Sunday, April 26, 2009

Time for the Death of the Scream Queen?

Screaming women have long been a staple of horror films. It seems to be paired with the idea that women who watch horror films are holding on for dear life to their men as they peek at the screen through their fingers.

But women have evolved over the past decades. We hold a greater variety of positions in society. We work out and have healthy, strong bodies. We run households by ourselves. Ever so slowly we are becoming more in touch with our power as women. The vision that women hold of themselves has changed and continues to change. And with this comes a desire to see that vision of strong heroic womanhood portrayed in the media.

Horror provides the perfect place for a character arc where a young woman becomes empowered. This has been done quite masterfully in films like Silence of the Lambs, the Texas Chainsaw Massacre remake, The Descent, Scream and others. We rejoice at women who use their smarts, heart, intuition, and physical strength to survive and, yes, even kick butt when the situation requires it.

But horror hasn't quite fully quite caught up. We have one horror device that needs to either die or be transformed -- the scream queen. Now my objection does not come at the portrayal of women being afraid, letting out screams of surprise, or even wanting a partner to help work through a situation. My objection comes when the hysteria of a character is so complete that it basically immobilizes them, makes them useless, and all they do is high shrill screeching while people die around them. I especially have a problem with a movie if all of the female characters have this trait.

I'll give an example of what I mean. I'll preface by saying Jennifer Carpenter is one of my favorite actresses. I think her range and abilities are pretty limitless. She is appealing, warm, fun, vulnerable, loving, beautiful on the screen. She has given performances that define both female strength and the kind of scream queen I have a problem with.

Her performance in The Exorcism of Emily Rose is Oscar worthy. What she manages to do with her body and voice is incredible. And her performance of vulnerability, faith, fear, and being slowly taken by the demon is breathtakingly believable. Yes, she is afraid. Yes, she wants help. But she realizes her power in the end, the power of her journey to awaken the faith in others. It is a strong character arc -- full of all that is beautifully female -- compassion, empathy, love, intuition, and creation.

Now Jennifer also brings us the kind of character I have a hard time with in Quarantine. This character does little more than be hysterical as things fall apart and people die. She screams so much you want to kind of smack her to wake her up, hand her a knife and say "Do something useful! Help us here!" If she wasn't the center of the movie it might not have grated on my nerves as much. But I was sad because I couldn't get behind her, root for her.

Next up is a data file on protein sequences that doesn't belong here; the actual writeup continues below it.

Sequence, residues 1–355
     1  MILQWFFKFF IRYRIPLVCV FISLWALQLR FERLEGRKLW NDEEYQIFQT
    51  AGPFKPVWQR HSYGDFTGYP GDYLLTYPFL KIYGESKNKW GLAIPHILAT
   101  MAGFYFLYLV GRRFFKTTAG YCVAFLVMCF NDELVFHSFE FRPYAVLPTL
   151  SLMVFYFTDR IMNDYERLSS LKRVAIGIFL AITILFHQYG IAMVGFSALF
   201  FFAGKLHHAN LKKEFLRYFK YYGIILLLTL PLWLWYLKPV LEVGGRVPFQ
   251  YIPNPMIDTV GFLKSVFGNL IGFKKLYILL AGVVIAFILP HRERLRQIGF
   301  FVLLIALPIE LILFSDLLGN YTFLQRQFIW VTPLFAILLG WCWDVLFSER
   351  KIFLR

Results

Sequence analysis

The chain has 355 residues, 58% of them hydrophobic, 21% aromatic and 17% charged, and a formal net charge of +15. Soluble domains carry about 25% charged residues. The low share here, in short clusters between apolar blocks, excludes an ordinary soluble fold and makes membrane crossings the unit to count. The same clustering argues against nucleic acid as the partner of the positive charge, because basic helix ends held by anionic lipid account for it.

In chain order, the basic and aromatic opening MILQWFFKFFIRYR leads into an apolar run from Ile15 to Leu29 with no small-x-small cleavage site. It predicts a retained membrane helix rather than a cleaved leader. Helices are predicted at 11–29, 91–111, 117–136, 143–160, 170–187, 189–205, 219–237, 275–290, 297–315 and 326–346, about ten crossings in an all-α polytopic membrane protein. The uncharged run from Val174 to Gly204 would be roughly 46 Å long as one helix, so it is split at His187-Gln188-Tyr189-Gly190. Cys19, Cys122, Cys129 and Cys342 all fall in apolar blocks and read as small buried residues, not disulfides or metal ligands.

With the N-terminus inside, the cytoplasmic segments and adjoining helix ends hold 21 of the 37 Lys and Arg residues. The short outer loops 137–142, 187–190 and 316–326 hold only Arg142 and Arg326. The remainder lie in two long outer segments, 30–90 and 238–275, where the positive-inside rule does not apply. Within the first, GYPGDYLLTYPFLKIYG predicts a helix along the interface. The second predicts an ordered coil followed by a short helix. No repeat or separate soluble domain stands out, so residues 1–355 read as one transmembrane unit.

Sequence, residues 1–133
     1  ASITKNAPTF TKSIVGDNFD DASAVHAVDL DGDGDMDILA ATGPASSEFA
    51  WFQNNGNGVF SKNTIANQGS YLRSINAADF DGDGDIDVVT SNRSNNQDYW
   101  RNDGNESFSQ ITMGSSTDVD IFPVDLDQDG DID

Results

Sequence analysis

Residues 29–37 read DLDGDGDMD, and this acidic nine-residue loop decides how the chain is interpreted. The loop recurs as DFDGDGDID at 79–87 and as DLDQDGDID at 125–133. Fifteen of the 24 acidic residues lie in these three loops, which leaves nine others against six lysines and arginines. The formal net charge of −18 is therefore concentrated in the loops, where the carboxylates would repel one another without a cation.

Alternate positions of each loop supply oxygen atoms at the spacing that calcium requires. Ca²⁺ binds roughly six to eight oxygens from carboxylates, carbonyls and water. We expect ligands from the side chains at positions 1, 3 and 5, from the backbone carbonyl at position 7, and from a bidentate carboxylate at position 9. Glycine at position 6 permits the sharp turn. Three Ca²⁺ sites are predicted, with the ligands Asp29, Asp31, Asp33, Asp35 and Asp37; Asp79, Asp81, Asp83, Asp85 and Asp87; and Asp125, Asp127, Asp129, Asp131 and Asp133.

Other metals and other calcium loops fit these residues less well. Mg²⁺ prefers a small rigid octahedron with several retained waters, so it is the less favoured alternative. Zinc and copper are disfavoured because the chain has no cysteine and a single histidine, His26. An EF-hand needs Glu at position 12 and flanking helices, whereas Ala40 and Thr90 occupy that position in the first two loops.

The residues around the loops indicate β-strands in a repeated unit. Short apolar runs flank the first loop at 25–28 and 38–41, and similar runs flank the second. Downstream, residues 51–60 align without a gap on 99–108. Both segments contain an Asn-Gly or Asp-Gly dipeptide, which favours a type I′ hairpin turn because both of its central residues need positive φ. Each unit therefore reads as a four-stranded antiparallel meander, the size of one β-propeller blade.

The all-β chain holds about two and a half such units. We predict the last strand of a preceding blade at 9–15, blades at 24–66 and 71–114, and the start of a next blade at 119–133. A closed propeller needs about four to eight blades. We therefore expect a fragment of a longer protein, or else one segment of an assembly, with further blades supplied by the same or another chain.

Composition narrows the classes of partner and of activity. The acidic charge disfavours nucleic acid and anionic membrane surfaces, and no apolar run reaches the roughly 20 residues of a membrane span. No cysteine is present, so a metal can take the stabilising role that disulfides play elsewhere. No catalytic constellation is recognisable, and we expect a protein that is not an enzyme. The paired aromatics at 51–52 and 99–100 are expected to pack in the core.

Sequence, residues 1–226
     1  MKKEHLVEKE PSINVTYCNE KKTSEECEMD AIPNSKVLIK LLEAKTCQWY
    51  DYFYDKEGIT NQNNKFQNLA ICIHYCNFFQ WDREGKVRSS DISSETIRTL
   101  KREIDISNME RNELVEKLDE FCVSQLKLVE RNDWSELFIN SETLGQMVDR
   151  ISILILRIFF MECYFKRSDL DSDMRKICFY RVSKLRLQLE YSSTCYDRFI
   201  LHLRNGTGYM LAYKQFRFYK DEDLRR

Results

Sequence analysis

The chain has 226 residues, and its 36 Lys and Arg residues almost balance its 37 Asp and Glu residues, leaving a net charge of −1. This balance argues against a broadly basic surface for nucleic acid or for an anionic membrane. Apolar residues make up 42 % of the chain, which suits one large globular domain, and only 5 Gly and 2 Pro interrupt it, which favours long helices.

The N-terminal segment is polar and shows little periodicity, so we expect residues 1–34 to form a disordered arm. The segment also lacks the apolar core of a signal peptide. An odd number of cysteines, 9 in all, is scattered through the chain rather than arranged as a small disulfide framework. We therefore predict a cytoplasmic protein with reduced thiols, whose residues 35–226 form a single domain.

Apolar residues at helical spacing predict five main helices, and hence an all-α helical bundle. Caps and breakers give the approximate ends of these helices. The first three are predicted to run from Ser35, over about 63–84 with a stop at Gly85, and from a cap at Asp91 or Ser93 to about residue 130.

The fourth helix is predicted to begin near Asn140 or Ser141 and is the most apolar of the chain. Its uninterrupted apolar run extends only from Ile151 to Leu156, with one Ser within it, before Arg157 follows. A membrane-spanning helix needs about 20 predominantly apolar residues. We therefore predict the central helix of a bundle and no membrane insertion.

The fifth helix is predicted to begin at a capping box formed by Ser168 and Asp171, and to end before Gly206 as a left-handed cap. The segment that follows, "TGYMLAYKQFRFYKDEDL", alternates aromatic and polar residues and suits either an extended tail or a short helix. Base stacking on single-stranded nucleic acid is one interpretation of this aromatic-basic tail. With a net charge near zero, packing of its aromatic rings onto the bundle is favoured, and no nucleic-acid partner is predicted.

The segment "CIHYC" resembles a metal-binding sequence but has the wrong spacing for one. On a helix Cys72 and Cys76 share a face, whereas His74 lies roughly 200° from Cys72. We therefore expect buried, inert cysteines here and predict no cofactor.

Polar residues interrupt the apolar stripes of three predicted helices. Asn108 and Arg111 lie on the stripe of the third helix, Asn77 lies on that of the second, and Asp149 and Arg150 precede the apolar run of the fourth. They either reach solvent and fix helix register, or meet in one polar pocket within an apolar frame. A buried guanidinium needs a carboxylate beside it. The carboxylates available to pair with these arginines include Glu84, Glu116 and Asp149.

Of course this issue crosses genre boundaries into books, games, television shows. I think it tells a lot about how women are viewed when we have female game characters that have to be rescued, protected, and seem to almost be trying through their lack of intelligence to get killed. It says just as much when the female character is a valuable asset that saves or helps the other characters.

The creators of horror need to realize that sexism impacts their wallets. I still have not seen the movie version of The Ruins because I just could not stand any of the female characters in the book. And there are many movies after watching I would tell people to stay away from. I am the one doling out the funds for a ticket, book, or game and I won't support such negative visions of female worth.

I think it is time that women call for the kind of female characters they want to see, read about, or play as. We need to reject visions of females as only good for some kind of perverse sexual bloody death. We need to be on the front lines as artists, writers, and directors creating the vision of womanhood we want to see. Maybe then the old scream queen can die and a stronger, more fully realized and empowered scream queen can emerge.

1 comment:

  1. Just last night my son and I watched "Night of the Living Dead". The female lead seemed to be the very embodiment of a scream queen... and decades later, we certainly have not come a long way, baby.

    I happen to be a big fan of campy horror movies, bring on the cheese please, and scream queens certainly have their place in this world. But if I'm going to watch something in the hopes of being scared, I want a female lead that can hold her own. One that remembers not to back herself into a corner, attic or basement when being pursued, one that will resist the urge to get up close and personal with the killer she thinks is dead. In other words, one that doesn't need me to shout instructions from my seat while she's "doing it wrong".